I’m at a time in my life now (with the help of a stupid amount of therapy) where I have really truly great and kind people in my life. I think it took me a while to understand that I deserved to have good people in my life. I understand it now.

My bullshit level is low. I sense it fairly fast and I’ll call people on it. But if they keep dishing it out I axe them out of my life.

SpatzieLover's avatar

It’s time to put what you learned in therapy into action. It sounds to me like you are stuck in the transition from being the abused child to being the proactive adult.

Like @xnightflowerx, I get rid of toxic people, or set limits for them. EX: While he was alive, I would only see my dad between the hours of 11am to 4pm. That way, I knew he’d be somewhat coherent and he would be less volatile.

My in-laws are no longer allowed to email my husband at work and no longer allowed to call his cell phone. We informed them in a straight-forward manner that any undesired contact would not be tolerated.

For now, figure out what you need to keep yourself moving forward. Write it down. Who fits into your life? Who can you not tolerate at all? How much time do you want to dedicate to family? How much time to supportive friends or hobbies?

My BS tolerance is set at almost 0% at this point. If I see an area of my life that requires adjusting, I pounce on it.

LostInParadise's avatar

I am not sure what you mean by bullshit. I see two possibilities. The usual meaning of bullshit is that someone is spouting a bunch of malarkey. Given that you mention being abused, the other possibility is that someone is that someone is verbally abusing you.

There is not much that can be done about the first type, but it is sufficient to recognize it.

In the second case, I have what may seem like an odd solution. If someone is dumping on you, actively agree with the person. The person is trying to make you angry by either having you not saying anything or by getting involved in an argument. You can’t argue with someone who agrees with you. It is amazing how cool a head you can maintain while the other person’s frustration keeps increasing. At some point the other person simply runs out of steam.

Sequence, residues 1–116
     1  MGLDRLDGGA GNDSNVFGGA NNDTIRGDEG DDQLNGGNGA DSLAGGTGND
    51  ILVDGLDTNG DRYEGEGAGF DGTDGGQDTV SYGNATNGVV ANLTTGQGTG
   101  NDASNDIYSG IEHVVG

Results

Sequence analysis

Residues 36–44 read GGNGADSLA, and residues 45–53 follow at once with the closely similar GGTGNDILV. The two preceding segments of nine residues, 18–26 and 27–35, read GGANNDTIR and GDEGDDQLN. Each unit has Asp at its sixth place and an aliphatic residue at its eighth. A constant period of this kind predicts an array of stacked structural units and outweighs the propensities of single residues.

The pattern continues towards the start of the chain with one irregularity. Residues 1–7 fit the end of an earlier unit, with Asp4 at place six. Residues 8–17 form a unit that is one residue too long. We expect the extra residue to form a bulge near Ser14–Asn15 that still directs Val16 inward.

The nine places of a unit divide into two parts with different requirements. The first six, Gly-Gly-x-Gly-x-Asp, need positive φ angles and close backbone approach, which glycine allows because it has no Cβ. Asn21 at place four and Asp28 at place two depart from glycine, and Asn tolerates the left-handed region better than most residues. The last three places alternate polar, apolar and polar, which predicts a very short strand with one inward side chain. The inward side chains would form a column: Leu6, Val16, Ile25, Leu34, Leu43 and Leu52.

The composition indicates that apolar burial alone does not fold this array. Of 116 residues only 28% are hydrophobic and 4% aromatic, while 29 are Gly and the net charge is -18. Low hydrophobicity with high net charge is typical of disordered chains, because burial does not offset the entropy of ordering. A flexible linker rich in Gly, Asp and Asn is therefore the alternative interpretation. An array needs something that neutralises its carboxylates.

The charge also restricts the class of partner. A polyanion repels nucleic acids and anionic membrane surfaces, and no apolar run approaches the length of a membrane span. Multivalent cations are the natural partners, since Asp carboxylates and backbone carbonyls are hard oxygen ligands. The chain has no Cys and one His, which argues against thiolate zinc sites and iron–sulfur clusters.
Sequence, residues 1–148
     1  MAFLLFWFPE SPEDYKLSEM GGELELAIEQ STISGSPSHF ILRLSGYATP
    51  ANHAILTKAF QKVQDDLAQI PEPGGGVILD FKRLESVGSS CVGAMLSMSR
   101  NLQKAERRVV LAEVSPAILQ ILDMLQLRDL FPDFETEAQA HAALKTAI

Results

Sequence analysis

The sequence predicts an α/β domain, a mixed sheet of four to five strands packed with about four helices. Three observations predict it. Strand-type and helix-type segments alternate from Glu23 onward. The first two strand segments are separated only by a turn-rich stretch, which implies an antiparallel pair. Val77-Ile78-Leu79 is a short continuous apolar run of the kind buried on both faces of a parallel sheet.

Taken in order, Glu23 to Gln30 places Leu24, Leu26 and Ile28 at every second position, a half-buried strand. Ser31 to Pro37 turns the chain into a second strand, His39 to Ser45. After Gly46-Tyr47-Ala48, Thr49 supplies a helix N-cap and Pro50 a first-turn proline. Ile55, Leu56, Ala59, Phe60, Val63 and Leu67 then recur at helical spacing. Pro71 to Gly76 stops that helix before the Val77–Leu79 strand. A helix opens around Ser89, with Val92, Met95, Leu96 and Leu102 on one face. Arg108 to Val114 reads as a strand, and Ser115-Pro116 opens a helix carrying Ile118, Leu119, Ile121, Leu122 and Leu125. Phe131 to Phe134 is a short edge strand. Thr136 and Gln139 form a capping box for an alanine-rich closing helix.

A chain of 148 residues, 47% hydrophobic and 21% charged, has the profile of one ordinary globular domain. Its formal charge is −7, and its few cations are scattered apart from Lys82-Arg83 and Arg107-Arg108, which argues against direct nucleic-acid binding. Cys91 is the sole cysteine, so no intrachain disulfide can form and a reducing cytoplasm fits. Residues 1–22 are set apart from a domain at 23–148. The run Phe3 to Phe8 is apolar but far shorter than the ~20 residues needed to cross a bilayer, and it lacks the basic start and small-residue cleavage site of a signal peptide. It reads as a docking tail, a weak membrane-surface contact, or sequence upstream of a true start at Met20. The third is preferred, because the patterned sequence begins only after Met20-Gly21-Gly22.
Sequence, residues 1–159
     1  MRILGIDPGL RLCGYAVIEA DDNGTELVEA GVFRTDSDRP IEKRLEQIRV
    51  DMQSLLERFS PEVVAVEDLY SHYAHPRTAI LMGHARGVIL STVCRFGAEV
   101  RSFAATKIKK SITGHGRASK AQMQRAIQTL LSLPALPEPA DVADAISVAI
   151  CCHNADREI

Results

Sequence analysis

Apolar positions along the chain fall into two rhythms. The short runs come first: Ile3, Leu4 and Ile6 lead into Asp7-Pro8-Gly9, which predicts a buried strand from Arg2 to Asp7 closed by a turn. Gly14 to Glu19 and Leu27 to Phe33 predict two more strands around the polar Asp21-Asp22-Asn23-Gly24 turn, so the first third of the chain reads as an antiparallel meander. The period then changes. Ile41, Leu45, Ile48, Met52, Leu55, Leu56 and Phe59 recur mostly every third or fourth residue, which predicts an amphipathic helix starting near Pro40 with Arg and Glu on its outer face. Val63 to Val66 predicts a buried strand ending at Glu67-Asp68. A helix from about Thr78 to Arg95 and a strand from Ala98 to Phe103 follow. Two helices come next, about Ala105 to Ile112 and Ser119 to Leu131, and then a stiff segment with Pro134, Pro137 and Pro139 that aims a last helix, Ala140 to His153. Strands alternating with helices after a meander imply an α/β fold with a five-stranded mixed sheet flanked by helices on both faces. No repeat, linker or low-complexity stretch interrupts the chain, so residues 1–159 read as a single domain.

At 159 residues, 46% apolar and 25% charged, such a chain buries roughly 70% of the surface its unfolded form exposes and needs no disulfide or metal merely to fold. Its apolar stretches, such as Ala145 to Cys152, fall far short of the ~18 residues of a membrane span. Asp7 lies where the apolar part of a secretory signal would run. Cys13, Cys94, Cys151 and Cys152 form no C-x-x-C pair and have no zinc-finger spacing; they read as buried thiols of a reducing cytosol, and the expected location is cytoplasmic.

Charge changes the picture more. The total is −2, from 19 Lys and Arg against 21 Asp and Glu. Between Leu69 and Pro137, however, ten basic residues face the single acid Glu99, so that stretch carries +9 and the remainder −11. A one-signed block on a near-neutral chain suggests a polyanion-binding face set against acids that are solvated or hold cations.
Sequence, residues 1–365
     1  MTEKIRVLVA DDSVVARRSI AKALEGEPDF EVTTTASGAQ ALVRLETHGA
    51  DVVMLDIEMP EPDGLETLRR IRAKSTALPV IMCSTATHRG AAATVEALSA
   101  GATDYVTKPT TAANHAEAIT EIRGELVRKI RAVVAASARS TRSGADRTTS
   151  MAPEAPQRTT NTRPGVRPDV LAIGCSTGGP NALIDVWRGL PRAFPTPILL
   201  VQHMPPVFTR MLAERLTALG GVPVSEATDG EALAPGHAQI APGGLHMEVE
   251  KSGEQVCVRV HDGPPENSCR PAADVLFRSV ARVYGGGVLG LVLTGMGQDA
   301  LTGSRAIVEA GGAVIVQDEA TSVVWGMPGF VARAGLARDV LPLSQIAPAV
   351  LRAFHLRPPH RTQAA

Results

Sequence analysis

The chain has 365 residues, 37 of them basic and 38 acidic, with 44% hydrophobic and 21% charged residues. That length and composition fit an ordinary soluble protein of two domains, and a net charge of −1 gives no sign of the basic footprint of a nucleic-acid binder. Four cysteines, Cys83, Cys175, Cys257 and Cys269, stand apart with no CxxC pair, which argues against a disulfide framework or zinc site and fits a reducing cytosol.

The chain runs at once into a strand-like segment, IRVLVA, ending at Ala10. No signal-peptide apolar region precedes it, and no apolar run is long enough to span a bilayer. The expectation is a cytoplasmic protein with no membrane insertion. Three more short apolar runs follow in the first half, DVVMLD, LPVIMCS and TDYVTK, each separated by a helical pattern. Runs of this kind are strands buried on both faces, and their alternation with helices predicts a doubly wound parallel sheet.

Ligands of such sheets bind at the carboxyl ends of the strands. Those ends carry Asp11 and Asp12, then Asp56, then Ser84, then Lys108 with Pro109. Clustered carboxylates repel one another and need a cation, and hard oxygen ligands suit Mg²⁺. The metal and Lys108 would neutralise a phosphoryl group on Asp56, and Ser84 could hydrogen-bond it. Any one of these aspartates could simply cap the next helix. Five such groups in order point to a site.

I have used this approach. It can be very disarming. The other person may end up saying, “Are you poking fun of me?” You just answer, “No, I am just agreeing with you. Why would you think I am poking fun at you?”

Once you get used to speaking up, you can switch to working up the courage to ask the person not to be so rude.

cmomoCPA's avatar

To qualify this question, my high tolerance is when someone is verbally abusing you in both my personal and work life…I definitely think it’s related to a self esteem issue.

I’ve been told I care too much what people think and that’s true. The question should be how do I stop caring soo much about what people say? I’m a pretty big guy, 6’2”...240lbs. So physical confrontations never come about.

I try to be nice too often because when I say no I feel bad. I’m thinking it’s an assertivness/self-esteem thing.

tranquilsea's avatar

@cmomoCPA You sound like a people pleaser to me. My hubby is too. The thing is people will like and respect you if you gently, calmly and reasonably set limits around what you will and won’t do and what you will and won’t let other people do.

When setting limits I have found that it is really helpful to state the limit as something I need (if the person in question starts questioning it). But most often I find it’s better to say nothing at all. Set the limit and let it stand. You can commiserate with the other person in the kindest way possible but don’t change your mind.

If this is something you have a hard time with then start small with people you trust. Once you get the hang of it you’ll be able to branch out to harder situations like ones at work.